In general, the way that modern mathematical research is conducted isn't the way that many would assume is the ideal method of research. That is, mathematics is not the linear progression of foundational results leading to new results which one might expect (although the actual framework is very close). Instead, one often makes generally accepted assumptions which one expects will be proven at a later date as a technical lemma. So, in some cases, mathematicians may base large bodies of results on an essentially unproven conjecture (a so-called conditional proof).

This process is fine and is often done to 'get to the bigger results' without having to wade around in a pool of technical proofs which everyone generally accepts as folklore. It is also worth noting that such work based on false conjectures is not entirely useless and might be easily specialised to cases where the conjecture is true, or easily fixed by working around the false conjecture. The methods used in such a proof may also shed insight on the area, even if the conclusions prove false.

However, this approach has its flaws in that, until a conjecture is made theorem, there is always the possibility that it may be proven false and so essentially make any 'theorems' proven based on the conjecture redundant. I'm particularly interested in such cases that may have occurred in history, or which have the possibility of occurring in the future and having a large effect on existing literature. I would like to place the emphasis of this question on the specific effect that such falsifications of conjecture can have, as there are already many questions on unexpected counterexamples on the site.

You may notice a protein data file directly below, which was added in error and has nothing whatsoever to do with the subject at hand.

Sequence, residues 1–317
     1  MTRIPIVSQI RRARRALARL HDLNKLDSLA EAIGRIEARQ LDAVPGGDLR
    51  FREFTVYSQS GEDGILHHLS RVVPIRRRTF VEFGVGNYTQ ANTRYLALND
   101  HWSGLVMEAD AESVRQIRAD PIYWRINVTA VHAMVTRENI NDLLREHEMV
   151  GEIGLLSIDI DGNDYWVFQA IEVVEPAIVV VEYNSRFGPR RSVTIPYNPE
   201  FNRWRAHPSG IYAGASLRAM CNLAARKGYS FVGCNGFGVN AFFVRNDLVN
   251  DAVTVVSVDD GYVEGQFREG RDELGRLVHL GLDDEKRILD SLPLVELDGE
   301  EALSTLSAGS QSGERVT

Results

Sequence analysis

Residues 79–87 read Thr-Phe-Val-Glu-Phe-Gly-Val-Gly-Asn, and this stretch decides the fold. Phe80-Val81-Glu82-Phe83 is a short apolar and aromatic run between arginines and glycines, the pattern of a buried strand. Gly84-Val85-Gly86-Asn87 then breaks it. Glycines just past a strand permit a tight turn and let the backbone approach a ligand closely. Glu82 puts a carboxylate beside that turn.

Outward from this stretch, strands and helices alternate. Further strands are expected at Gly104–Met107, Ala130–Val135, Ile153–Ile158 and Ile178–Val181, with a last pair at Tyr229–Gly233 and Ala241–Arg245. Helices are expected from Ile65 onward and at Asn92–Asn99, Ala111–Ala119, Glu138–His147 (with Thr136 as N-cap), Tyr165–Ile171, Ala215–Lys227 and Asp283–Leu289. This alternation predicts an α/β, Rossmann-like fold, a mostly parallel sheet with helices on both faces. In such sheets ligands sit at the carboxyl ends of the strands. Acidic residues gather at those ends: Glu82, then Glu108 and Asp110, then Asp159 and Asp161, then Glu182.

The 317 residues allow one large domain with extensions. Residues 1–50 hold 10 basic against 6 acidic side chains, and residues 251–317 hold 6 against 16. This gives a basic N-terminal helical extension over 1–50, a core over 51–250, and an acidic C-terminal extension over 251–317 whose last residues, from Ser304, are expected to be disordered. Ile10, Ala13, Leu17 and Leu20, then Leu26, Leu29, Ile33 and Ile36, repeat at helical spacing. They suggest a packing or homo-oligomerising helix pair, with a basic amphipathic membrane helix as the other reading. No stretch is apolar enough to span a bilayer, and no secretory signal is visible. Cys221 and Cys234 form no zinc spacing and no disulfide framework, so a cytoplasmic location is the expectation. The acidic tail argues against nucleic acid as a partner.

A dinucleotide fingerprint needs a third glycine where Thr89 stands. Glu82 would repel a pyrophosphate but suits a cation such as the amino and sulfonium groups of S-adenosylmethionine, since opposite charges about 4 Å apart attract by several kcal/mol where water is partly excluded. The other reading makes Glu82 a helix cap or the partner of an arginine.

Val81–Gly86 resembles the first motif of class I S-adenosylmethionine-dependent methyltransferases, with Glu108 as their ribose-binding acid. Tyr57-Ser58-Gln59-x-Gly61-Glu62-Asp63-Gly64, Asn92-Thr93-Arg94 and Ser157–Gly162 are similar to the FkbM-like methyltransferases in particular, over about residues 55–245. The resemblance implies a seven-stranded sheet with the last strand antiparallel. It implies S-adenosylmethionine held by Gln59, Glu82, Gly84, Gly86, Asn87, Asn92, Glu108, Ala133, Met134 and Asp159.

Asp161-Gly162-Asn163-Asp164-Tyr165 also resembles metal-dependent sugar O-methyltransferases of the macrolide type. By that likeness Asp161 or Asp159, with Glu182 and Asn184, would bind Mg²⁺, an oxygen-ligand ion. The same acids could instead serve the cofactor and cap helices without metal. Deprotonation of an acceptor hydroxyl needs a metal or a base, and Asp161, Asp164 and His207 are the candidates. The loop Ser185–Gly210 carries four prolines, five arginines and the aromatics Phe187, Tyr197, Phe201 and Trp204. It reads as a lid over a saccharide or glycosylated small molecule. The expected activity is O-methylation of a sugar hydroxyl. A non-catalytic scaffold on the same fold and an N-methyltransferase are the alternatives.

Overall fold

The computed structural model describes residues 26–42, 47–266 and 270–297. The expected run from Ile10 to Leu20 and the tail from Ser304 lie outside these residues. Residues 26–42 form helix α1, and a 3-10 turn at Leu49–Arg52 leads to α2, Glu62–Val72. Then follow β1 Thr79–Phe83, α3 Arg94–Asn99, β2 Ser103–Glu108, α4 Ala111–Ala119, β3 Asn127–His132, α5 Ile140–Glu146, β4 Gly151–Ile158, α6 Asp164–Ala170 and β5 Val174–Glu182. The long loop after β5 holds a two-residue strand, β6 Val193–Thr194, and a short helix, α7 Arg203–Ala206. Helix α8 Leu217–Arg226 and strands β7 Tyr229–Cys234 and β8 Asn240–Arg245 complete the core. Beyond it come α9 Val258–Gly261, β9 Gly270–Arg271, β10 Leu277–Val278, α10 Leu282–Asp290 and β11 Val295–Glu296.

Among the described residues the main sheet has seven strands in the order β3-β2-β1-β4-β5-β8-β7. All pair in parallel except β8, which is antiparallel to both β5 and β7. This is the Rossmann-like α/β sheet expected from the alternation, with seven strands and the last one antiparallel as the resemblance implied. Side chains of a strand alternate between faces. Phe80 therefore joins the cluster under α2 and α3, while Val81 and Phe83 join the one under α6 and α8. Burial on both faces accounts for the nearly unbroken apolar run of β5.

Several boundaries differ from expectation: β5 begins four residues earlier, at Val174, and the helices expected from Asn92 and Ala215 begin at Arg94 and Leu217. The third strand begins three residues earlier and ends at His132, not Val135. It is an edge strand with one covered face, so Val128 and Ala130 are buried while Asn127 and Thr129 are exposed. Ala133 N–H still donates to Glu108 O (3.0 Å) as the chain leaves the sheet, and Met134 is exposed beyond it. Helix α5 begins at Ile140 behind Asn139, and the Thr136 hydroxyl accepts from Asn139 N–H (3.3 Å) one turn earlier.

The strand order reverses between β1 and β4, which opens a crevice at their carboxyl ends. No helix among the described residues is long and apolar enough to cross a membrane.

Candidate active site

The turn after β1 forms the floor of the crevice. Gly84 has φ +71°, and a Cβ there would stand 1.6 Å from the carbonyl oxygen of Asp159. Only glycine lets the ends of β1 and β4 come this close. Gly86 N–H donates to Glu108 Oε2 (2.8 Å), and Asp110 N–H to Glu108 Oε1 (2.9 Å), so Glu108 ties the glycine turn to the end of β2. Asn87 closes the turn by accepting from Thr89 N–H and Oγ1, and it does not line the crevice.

Some example:

  • I imagine there were several pieces of work assuming the Pólya conjecture before it was eventually proved false.

  • There are certainly whole areas of number theory based on the assumption that the Riemann hypothesis will eventually be proven true.

  • When the triangulation conjecture was proven false in dimension 4, there were many proofs based on existence of triangulations that could then only be stated for 'triangulable simplicial complexes'.

  • Similar to the Riemman hypothesis, there are countless papers based on the assumption that $P=NP$ (and indeed its converse).

  • 1